WINNSBORO — How does a small town museum remain relevant and continue to attract visitors?
Pelham Lyles, director for the Fairfield County Museum, wants the public to come by and find out in 2013.
With a mission to capture and relay a message of history that is representative of the entire county, Lyles said the museum is branching out from its roots as a house museum.
“In a house museum, such as the Fairfield Museum, artifacts are displayed from a specific time period. The challenge then is to keep the content as varied as possible so that it generates enthusiasm. You can only collect so many arrowheads,” she said.
That is a challenging endeavor.
Because of poverty and the lack of material possessions/inability for slaves to own property, a lot of the African American cultural artifacts are gone. Lyles notes that in Charleston there is a slavery museum being constructed but that they are paying big bucks for the few remaining artifacts from the slavery period.
Shame is another reason those artifacts disappeared.
“That’s one reason I believe it is important to dig out what I can about everyone and share their stories,” Lyles said.
For a while in the recent past Lyles had some grant funding for an oral history project. The idea was to offset the lack of physical artifacts by using oral history to help people relate to their own history.
Michaela Brown did some work that was grant funded where oral histories were filmed. Some of those films are on YouTube.
“Now that project is in the files because the funding ran out and it really is a full-time project,” Lyles said.
Two years ago, a collection of genealogical materials collected by the Daughters of the American Revolution volunteers in the mid 20th century was returned to the museum.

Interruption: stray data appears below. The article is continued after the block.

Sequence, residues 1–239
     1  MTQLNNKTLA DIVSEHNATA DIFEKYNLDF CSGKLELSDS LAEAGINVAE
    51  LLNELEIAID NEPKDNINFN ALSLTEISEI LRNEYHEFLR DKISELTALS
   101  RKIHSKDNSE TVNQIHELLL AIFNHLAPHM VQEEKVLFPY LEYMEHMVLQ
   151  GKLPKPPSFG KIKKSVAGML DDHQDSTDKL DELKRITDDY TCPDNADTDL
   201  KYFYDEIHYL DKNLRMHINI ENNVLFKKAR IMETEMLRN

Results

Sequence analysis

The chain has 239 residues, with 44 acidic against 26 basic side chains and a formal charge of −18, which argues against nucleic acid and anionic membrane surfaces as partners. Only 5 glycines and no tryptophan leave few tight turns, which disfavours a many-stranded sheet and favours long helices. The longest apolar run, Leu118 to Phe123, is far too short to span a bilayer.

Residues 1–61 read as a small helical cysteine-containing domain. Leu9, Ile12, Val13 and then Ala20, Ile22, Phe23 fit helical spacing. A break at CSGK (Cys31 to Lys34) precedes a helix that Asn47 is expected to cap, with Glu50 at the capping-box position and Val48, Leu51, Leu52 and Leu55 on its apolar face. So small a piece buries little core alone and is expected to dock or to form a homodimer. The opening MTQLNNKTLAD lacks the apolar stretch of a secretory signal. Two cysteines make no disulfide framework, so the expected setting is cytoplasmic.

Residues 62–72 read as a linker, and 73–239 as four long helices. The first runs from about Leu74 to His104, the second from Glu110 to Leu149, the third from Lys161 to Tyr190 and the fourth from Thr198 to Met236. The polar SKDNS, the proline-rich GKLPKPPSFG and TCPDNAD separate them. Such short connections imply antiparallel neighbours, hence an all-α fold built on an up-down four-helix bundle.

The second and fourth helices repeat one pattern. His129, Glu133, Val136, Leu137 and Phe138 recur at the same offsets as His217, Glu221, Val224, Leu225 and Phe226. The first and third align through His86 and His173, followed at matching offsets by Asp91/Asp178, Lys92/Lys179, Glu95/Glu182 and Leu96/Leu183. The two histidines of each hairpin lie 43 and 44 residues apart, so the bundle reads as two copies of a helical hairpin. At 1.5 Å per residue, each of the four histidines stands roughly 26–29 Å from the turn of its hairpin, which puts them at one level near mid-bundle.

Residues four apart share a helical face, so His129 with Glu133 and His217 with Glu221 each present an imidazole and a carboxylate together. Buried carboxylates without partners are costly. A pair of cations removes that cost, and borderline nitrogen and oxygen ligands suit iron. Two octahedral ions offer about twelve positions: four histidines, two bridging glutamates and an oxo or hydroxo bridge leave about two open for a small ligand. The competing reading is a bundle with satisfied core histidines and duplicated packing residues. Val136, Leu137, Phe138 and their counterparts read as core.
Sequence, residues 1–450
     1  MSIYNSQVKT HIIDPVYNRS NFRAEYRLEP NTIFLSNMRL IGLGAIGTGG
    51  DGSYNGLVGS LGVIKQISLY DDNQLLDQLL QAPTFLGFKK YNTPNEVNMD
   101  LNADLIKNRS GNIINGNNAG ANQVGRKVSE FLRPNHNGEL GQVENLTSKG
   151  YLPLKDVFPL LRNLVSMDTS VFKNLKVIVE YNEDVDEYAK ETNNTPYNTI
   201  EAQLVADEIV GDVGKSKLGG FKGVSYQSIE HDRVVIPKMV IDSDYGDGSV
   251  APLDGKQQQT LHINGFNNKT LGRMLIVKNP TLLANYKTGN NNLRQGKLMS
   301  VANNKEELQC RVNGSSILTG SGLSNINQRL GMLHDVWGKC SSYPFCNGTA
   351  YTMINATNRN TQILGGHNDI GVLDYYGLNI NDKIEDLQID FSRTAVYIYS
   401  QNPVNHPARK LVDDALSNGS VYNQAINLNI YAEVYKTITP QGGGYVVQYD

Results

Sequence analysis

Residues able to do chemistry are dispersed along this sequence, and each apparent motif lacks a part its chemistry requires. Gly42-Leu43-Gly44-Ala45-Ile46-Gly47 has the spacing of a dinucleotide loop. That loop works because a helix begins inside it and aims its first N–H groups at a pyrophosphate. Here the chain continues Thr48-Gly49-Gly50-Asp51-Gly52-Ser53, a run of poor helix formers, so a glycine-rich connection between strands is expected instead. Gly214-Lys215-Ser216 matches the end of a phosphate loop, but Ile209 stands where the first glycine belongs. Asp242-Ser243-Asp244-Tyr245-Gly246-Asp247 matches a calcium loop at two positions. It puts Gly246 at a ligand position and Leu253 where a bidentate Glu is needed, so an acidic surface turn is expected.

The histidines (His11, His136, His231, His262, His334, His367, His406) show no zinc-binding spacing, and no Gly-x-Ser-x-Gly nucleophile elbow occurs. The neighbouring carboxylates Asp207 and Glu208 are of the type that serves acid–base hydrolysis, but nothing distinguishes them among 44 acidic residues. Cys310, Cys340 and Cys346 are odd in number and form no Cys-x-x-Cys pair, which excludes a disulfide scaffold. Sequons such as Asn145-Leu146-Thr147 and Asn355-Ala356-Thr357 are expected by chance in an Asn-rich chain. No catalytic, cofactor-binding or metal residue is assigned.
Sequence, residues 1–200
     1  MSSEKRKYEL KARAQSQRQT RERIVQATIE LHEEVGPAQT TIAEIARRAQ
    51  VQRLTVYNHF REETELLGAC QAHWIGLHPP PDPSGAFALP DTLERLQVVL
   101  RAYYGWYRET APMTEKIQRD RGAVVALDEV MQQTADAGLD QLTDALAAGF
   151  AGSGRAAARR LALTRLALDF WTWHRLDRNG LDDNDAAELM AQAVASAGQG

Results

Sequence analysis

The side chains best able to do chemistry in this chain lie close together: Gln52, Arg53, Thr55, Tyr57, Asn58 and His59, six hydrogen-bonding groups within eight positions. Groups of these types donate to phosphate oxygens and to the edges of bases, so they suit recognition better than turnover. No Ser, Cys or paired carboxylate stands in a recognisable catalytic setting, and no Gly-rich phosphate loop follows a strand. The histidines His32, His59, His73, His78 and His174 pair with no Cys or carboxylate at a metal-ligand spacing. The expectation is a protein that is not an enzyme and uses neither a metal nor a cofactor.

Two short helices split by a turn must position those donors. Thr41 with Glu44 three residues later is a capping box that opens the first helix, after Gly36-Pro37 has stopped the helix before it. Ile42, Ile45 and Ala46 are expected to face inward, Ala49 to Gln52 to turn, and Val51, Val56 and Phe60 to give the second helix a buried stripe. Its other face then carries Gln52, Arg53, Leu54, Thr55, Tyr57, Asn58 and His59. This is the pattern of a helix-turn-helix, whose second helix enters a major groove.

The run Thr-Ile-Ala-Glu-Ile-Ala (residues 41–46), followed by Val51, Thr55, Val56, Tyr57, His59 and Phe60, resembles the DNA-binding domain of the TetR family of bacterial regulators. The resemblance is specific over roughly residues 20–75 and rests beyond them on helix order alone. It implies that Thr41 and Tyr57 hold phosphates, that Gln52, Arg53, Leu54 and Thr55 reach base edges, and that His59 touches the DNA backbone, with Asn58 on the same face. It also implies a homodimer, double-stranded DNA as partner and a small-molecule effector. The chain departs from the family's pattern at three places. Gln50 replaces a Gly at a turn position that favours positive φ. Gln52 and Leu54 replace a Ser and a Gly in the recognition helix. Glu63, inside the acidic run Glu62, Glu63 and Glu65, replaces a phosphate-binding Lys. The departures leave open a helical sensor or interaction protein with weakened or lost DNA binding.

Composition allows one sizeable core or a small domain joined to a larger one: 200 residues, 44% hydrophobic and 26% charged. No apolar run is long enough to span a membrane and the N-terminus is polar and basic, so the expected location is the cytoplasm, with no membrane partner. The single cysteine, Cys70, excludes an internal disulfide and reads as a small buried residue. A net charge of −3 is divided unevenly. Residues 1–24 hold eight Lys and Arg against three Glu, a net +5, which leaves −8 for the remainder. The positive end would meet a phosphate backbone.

Now combining that information with the worldwide web, the museum has “come alive” with possibility as people engage in the popular pastime of looking up their roots.
“The Internet has become a massive enterprise to research family history,” Lyles said. “People come in to the museum and we realize that their research is restructuring our interpretations of our own history.”
According to statistics, genealogy research just exploded after “Roots” appeared on TV.
It is difficult to supply all these services with only a volunteer staff because of time constraints, family responsibilities, etc., but her group now pitches in to help Lyles keep the museum going. She would love to have an assistant who she could groom to one day manage the museum when she retires, though Lyles admits she is not likely to retire in the near future.
She is thankful for the support of the Fairfield Historical Society and the Fairfield Genealogical Society.
Ed Killian is a mainstay who is the president of the Fairfield Genealogical Society, which has five to six major contributors that keep the group going. As a group it has grown in number substantially in the past few years.
There are some less than ideal circumstances they have to work around.
“Most of our materials are on the second floor and for elderly people that is not ideal,” Lyles said.
Museum and the records go hand in hand. They have the possibility one day to develop the property behind the museum, but to do so would require a lot of funding that they don’t currently have.